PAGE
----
Nature Lovers Moves to Hizan, Bitlis

Nature Lovers Moves to Hizan, Bitlis

Bitlis is a town near Van Lake in Eastern Anatolia, Turkey. Because it is not well-known and receives little publicity, Bitlis, one of Eastern Anatolia’s hidden beauties, struggles to entice tourists. This city is important in terms of history and culture despite having a lengthy history spanning thousands of years. On one side, it is home to odd historical artefacts like cupolas, mosques, castles, and caravanserais.

Hizan in Bitlis

On the other hand, it is home to beautiful natural features including lakes and mountains formed by volcanic eruptions. The only two economic sectors of Bitlis are agriculture and animal husbandry. Actually, the topographical configuration of the city does not lend itself well to agriculture. Even if they are few, the Bitlis residents rely heavily on the field crops they raise as a source of income. The main crops grown in Bitlis are wheat, barley, rye, tobacco, beans, potatoes, sugar beets, walnuts, peanuts, pears, apples, cherries, and grapes.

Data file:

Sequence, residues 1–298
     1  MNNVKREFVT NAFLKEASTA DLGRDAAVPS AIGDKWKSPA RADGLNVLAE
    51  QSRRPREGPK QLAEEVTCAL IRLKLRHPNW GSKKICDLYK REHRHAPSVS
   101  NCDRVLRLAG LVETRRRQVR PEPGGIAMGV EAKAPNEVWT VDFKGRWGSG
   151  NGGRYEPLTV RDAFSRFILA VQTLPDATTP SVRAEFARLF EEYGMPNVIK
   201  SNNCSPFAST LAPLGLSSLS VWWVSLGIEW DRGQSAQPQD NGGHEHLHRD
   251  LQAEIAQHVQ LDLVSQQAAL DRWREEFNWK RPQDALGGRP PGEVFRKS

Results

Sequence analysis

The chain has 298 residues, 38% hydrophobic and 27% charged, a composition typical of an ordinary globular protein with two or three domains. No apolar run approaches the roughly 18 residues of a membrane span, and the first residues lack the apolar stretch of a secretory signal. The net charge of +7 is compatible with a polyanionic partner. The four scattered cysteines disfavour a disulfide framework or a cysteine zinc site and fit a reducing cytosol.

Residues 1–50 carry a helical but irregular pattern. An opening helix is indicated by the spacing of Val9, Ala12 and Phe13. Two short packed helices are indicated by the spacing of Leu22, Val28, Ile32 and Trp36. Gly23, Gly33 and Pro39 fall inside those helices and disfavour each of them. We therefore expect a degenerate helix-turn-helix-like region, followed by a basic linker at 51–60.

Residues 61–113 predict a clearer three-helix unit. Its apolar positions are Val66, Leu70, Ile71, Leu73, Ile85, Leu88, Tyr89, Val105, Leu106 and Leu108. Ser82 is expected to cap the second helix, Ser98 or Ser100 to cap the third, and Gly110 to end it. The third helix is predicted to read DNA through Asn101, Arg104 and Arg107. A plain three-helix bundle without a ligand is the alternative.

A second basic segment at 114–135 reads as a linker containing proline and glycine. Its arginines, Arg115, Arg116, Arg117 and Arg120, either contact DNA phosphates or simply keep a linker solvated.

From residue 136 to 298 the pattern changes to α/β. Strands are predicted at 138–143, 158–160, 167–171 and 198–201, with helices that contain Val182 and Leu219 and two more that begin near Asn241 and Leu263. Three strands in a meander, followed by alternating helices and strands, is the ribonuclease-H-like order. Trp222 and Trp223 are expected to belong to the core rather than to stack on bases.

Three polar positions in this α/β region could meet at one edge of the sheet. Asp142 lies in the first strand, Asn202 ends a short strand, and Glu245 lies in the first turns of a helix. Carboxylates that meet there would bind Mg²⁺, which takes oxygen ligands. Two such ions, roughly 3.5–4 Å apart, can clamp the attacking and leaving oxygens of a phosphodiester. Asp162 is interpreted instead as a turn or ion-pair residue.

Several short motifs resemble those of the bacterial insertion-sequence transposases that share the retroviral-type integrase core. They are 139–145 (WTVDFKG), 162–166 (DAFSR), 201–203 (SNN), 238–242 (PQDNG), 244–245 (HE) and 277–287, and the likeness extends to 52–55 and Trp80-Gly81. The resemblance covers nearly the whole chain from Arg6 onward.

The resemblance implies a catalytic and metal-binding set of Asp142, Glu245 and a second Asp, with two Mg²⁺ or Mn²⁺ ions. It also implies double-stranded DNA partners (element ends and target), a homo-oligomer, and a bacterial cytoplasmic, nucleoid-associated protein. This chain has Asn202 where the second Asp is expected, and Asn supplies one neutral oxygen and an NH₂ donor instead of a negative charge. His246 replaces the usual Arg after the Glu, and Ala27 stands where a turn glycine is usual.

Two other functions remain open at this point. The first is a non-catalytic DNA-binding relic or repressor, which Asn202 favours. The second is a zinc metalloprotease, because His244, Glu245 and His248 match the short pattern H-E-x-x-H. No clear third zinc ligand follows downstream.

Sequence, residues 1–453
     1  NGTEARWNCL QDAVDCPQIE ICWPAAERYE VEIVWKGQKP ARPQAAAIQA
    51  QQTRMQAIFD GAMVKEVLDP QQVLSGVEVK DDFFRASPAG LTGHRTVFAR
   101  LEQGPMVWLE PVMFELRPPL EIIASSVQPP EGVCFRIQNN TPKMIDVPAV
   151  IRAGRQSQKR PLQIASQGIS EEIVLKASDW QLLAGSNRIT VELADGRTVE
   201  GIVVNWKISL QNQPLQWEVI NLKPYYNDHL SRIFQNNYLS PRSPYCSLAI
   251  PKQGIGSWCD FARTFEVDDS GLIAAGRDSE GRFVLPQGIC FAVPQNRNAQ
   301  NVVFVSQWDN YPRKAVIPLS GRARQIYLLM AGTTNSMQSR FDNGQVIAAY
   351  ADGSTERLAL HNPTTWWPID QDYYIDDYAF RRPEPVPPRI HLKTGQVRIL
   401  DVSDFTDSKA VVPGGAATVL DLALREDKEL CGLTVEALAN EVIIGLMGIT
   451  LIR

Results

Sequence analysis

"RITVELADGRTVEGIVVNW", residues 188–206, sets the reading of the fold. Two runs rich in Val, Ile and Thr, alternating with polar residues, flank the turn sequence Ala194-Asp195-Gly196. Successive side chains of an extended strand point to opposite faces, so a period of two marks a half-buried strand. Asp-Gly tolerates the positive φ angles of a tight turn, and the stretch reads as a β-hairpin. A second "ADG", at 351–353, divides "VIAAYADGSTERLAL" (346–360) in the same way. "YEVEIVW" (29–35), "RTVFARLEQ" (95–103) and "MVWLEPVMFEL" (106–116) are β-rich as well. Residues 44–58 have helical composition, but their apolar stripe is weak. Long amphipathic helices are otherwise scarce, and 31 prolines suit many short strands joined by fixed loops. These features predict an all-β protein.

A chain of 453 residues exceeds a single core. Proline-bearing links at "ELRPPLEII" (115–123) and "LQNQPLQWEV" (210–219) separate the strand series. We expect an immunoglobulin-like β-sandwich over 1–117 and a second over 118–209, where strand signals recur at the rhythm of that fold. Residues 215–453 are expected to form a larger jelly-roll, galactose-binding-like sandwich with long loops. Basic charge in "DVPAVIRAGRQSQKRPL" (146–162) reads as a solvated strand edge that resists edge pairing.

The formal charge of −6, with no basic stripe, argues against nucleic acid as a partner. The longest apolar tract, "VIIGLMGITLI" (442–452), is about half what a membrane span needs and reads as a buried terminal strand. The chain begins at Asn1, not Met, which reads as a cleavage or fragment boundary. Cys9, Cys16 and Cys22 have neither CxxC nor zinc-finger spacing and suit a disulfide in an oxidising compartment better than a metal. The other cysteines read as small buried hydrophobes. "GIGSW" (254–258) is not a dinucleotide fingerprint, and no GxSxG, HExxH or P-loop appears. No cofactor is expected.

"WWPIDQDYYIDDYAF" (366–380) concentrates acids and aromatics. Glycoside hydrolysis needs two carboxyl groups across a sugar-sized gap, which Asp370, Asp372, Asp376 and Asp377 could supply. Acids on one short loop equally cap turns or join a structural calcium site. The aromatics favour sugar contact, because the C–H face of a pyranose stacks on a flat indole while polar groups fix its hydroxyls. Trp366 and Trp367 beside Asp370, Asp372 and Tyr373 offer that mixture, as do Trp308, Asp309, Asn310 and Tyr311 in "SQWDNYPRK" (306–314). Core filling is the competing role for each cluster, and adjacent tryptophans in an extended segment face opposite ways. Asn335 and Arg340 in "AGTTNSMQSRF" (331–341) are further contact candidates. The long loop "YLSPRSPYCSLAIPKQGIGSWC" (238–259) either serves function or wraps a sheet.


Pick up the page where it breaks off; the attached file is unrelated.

97 nature enthusiasts from Van visited the old stone homes in Bitlis’s Hizan neighbourhood during the autumn, when they were painted in a riot of vivid hues. Every week on a different route, the Vadi Nature Sports Club members conduct activities to showcase the historical and ecological splendour in and around Van.

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Nature Lovers Moves to Hizan, Bitlis

This time, nature lovers arranged a trip to the Uzuntaş village in the Hizan neighbourhood of Bitlis. A memorable day was had by everybody who explored the town of Uzuntaş’s antique stone homes and woodlands while taking pictures.

The group sought to promote the region’s natural beauty, according to Mer Demez, head of the Valley Outdoor Sports Club, who was speaking about the trip.

Every week, according to Demez, they organise a sightseeing tour in a different location, and this week, a group of 97 people and Demez spent the entire day exploring the Hizan neighbourhood. Demez said that efforts to raise awareness of the Lake Van Basin would continue. The Hizan district offers a different colour in the autumn, so the event’s naturalists encouraged everyone to go.

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